Much is being made of the various cable news networks’ coverage saturation of one story or another and the reasons for their television tunnel vision. We have MSNBC, with its fetish about Chris Christie’s “Bridgegate” problems (liberal agenda); Fox is crazed about anything, real or imagined, that might embarrass Barack Obama (conservative agenda); and, of course, CNN is obsessed with the disappearance of Malaysian Airlines 370 (ratings agenda).
Truth be told, I am not one to talk. In my checkered career, I’ve been a principal reporter in chronicling every minute move connected to the various Clinton scandals, based on flimsy evidence or no evidence, the Gary Condit affair and assorted other flimsy shreds of dirty linen (getting-on-the-air agenda).
In fact, one could argue that I’m in a similar fixate with the name of Washington’s NFL team, a racist term that owner Dan Snyder refuses to change. I just wrote about Snyder’s latest move to publicly announce that he’s sent a few thousand coats and some sneakers to America’s reservations to show his newfound concern for Native Americans’ desperate circumstances and show solidarity with those he feels he honors with the hateful R-word.
What causes me to bring up the subject still again is the man he has chosen to head the foundation he created to do his good works. Gary Edwards is a former deputy assistant director of the Secret Service and, more importantly as far as Dan Snyder is concerned, a Cherokee Indian.
It’s fair to say that Snyder is not the region’s most popular guy. In fact, even among those who don’t want to get rid of the current R-word epithet, there is a substantial sentiment that the franchise would be much better off if it changed owners. That isn’t about to happen. In spite of a dismal win-loss record since he took over, the operation is a huge moneymaker.
But even his harshest critics are shaking their heads after disclosures in The Washington Post that Edwards, after he left the Secret Service, became chief executive of the National Native American Law Enforcement Association. In 2012, the Bureau of Indian Affairs canceled a contract with the company, which was supposed to recruit Native Americans as reservation police. BIA called the work Gary Edwards’ company produced “unusable.” The most charitable conclusion some might get about Dan Snyder’s role in bringing Edwards onboard is that he didn’t perform due diligence. I won’t go into the least charitable one. Whichever, no one is surprised by this newest revelation.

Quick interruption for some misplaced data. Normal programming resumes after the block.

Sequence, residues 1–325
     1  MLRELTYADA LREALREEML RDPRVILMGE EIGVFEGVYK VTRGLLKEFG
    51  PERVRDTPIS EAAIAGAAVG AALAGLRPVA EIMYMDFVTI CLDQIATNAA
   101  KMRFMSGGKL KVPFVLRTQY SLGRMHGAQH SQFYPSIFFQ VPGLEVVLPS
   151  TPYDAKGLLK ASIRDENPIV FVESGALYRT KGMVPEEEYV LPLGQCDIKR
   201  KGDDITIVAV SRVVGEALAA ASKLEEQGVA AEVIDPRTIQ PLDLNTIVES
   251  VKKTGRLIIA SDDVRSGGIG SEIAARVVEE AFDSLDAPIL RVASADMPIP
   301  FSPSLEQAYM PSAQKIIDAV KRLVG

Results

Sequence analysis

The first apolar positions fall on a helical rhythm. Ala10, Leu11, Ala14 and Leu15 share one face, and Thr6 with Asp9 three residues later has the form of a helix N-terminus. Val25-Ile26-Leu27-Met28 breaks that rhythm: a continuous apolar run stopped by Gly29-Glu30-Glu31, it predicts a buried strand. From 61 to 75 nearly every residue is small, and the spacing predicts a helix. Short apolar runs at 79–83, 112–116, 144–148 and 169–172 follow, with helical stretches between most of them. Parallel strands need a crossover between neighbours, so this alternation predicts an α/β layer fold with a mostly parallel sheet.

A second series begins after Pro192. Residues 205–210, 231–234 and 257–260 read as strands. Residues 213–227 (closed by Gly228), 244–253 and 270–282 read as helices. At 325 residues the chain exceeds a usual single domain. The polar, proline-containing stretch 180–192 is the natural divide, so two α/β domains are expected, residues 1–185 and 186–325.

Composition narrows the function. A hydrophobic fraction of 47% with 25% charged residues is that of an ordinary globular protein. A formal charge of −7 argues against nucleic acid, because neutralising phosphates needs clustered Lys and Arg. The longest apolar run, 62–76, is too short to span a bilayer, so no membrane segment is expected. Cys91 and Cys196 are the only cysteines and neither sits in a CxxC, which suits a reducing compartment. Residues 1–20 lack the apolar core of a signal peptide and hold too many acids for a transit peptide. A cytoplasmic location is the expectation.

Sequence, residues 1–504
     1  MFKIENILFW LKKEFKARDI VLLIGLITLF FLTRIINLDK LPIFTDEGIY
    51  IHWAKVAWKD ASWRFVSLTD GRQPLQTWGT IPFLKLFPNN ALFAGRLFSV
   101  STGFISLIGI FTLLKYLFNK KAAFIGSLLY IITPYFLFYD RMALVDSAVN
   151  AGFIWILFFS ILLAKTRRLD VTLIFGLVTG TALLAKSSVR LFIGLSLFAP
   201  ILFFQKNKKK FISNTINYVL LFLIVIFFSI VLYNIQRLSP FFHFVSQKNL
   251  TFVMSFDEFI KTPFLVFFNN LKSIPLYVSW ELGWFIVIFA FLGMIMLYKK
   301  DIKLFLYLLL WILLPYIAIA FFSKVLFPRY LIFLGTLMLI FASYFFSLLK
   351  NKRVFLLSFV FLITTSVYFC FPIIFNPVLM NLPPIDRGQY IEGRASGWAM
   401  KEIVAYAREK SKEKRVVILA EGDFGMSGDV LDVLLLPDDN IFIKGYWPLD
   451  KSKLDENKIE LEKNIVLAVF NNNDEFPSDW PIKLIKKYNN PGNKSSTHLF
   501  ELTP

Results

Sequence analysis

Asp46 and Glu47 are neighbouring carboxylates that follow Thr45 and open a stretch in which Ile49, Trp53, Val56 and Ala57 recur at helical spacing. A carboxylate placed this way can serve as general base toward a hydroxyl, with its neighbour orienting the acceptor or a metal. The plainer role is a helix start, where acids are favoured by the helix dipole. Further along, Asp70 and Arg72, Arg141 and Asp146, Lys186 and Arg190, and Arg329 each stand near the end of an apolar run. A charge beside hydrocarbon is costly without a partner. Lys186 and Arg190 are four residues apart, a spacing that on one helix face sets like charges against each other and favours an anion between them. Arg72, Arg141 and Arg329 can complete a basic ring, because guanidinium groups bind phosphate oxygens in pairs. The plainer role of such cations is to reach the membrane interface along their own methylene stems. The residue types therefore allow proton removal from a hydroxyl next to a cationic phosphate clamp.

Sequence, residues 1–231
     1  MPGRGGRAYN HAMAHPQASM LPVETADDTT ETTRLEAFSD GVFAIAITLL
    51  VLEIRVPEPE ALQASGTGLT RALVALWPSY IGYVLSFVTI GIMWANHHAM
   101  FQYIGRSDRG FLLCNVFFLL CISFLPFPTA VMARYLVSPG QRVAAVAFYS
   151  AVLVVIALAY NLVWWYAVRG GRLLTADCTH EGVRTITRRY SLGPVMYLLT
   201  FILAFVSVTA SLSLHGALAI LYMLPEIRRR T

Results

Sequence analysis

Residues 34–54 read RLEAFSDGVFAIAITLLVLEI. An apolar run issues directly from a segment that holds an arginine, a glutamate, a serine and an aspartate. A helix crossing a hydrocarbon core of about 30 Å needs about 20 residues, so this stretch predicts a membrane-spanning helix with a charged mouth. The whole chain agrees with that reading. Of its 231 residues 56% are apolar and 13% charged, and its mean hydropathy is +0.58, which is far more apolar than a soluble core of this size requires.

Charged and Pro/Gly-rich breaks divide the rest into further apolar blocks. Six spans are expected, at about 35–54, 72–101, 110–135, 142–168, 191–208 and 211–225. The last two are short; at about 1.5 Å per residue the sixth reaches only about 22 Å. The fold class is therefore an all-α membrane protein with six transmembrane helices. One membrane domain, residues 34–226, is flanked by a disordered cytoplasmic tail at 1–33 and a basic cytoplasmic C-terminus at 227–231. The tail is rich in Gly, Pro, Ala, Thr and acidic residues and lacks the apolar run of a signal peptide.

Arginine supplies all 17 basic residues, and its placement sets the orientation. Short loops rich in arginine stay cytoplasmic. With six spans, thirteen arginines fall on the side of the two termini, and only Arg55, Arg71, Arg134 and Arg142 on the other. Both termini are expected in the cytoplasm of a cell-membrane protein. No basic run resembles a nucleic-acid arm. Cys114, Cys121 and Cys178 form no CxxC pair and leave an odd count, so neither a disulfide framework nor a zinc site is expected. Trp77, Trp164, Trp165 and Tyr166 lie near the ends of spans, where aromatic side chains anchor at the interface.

It just adds to the widespread pile of disgust about him. However, it should be pointed out that the majority of the fans still don’t want the name changed. That said, little by little, that is changing. There’s not necessarily much love lost for Senate Democratic leader Harry Reid either, but he sure knows how to gauge public opinion. He predicts that within “the next three years,” the team will have a new name: “[Snyder’s] going to throw a few blankets to the Indians, and get a tax deduction for it,” he said, “I can’t imagine why the man doesn’t realize that the name is going to change.”
Snyder did get some support from NFL Commissioner Roger Goodell, who commended him for his new foundation and for “listening and recognizing that people have differing views.”
He hastened to point out that the majority of fans want to keep the current name, hateful or not, and “the general population also supports it overwhelmingly.” It wasn’t so long ago that in much of our country, a large chunk of citizens saw nothing wrong with the N-word. There is no difference.
It is true that the media are obsessively focusing on other stories right now. But if Harry Reid is correct, it won’t be long until they’re covering a new name for the Washington Slurs.
Bob Franken is a longtime broadcast journalist, including 20 years at CNN.